"Trying to come to acceptance of your body is huge as a person in general. As a trans person, you fight your body because it feels wrong. And then coming to the idea where now I have a body that I like, but I'm still constantly getting messages that trans people's bodies are horrible or disfigured or mutilated, that we should be ashamed of ourselves, of our bodies, of our being, of our existence."
That's Elizabeth Lain, a 30-year-old transgender woman with a kaleidoscope of bright colors running through the hair on the half of her head that isn't shaved. Hers is a sentiment echoed by many in the transgender community. However, human experience is complicated—no two people's stories are exactly alike.
A photography project called Visible Bodies aims to tell the diverse stories of transgender San Diegans in order to empower those in the community and educate those who aren't on the misconceptions surrounding trans people.
The project brings together portraits of 31 trans people taken by photographer Wolfgang. Each subject decided how to be presented; accompanying each photo is the correct pronoun to use to identify the person, along with a short personal narrative by the subject.
The results are compelling, funny and heartbreaking. They'll be on view at the San Diego Pride office (3620 30th St. in North Park) throughout May in the exhibition, Visible Bodies: Transgender Stories Retold. There'll be a reception for the show from 6 to 9 p.m. Saturday, May 11; otherwise, folks can check it out during regular business hours.
"We're telling all kinds of different stories with these photos," says creator Scott Duane, a transgender man and doctoral candidate in mathematics at UCSD who started Visible Bodies as a student project.
"I think we're seeing as a culture a kind of shift in the way that we see transgender people," he says. "There are a lot more positive stories out there, even in mainstream media. I think people are seeing that and finally feeling safe enough to come forward and say, 'Well, it's great that there's this positive thing out there, but let me tell you my story, using my words.'"
Among the stories is Lain's. She began her transition in 2008 after moving to San Diego from Hawaii. She's fully transitioned, but that was only part of a long process of reclaiming her body. The software engineer and artist suffered multiple sexual assaults. She chose to appear nude in her portrait as a "fuck-you to society."
"Right as I was starting to reclaim my own body, it was sort of taken in a violent way. It kind of really fucks with your head," Lain says. "There's a lot of these negative messages about what you're supposed to do or supposed to be. But this is me. You don't own this. This is my choice to present myself the way I want to. It's sort of like my body is a political statement. The sexual assault plays into that as well. My naked body can be my own."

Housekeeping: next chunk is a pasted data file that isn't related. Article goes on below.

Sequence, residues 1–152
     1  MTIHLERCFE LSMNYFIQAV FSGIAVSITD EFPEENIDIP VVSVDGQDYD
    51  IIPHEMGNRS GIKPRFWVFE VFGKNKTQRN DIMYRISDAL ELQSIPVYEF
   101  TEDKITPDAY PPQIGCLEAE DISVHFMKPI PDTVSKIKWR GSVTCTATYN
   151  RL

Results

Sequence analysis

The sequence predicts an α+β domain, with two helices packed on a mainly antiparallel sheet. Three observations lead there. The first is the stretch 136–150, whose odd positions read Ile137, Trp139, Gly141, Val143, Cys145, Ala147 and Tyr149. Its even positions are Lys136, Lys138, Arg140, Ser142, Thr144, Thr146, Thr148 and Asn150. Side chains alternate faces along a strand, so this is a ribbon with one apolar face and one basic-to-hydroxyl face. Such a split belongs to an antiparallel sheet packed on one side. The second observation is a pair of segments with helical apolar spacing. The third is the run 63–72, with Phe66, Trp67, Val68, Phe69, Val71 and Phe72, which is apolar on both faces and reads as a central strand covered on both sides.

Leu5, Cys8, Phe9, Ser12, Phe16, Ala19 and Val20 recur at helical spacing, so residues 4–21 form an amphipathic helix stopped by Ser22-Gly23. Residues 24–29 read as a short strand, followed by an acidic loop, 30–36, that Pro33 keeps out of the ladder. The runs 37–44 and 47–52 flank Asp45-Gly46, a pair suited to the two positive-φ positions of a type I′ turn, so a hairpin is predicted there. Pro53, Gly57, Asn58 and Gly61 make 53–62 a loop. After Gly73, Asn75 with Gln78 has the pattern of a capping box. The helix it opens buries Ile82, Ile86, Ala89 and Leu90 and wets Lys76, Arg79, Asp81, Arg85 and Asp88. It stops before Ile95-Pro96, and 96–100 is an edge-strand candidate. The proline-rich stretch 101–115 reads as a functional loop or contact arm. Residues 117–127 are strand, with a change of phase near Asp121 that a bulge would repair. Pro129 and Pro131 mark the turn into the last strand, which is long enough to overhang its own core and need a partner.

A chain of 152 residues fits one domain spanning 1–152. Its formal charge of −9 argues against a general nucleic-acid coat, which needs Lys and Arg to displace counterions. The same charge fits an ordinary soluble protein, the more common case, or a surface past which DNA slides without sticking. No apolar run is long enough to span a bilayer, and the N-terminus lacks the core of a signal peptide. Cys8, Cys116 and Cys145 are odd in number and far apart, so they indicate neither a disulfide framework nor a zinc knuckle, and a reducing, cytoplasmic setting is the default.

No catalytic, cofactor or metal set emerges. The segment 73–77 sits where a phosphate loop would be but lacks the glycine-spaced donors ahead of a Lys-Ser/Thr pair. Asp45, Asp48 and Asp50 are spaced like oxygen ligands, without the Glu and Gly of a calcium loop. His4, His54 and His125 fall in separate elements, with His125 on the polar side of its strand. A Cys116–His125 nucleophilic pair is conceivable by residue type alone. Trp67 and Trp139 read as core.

Another participant, Lyn Gwizdak, was born with limited eyesight.
"So much of how we gender people, we decide based on what we see," Duane says. "And for [Gwizdak] to know that he's trans without looking in the mirror is just fascinating to me. To me, it says there's something about being trans that goes way deeper than what you look like. It's not superficial at all; it's something very deep down."
Gwizdak never felt right in a female body. For years, he wasn't sure if his issues stemmed from his visual impairment or something more. It took him 58 years to realize who he is. Now 62, Gwizdak's found himself and is happy doing volunteer work for the Humane Society, joined by his guide dog, Landon.
"I have to be who I am," he says. "I tell you what, it's nice to relax and be who I am."
The same goes for JP Stern, a doctoral candidate in sociology at UCSD who identifies as gender queer. That means Stern's neither male nor female exclusively. Stern's skirt, full breasts and wild beard display that outwardly.
"'Gender queer' means different things to different people," Stern explains. "It's generally people who don't fit into either male or female binaries. For me, a lot of it was finding my own space. I'm primarily femme but have aspects that are still masculine, like my beard. My beard has remained part of my personality. It's something I don't want to give up."
Stern's story, like those of other participants, helps dispel the notion that trans people want to be very masculine or very feminine. Like with all people, there's the mix of both sides.
For Stern, Lain, Gwizdak and Duane, Visible Bodies: Transgender Stories Retold is also an opportunity to teach people how to address a trans person. The word "tranny," for instance, elicits the same reaction from a trans person that the n-word or "faggot" would from an African-American or homosexual.
"I'm hoping that it gives people the right words to use," Duane says. "I think a lot of times, people want to be supportive and talk about trans people in a respectful way, but they don't have the vocabulary for it."
There's also the hope that the project can bridge a gap that seems to exist within the trans community, as well as with the gay and lesbian community.
"The transgender community is a little fractured," Duane explains. "For instance, the trans women's community doesn't really tend to interact that much with the trans men's community. I'm hoping that this can be kind of a unifying project for the trans community as a whole. And, also, outside of the trans community I'm hoping that this really brings awareness."
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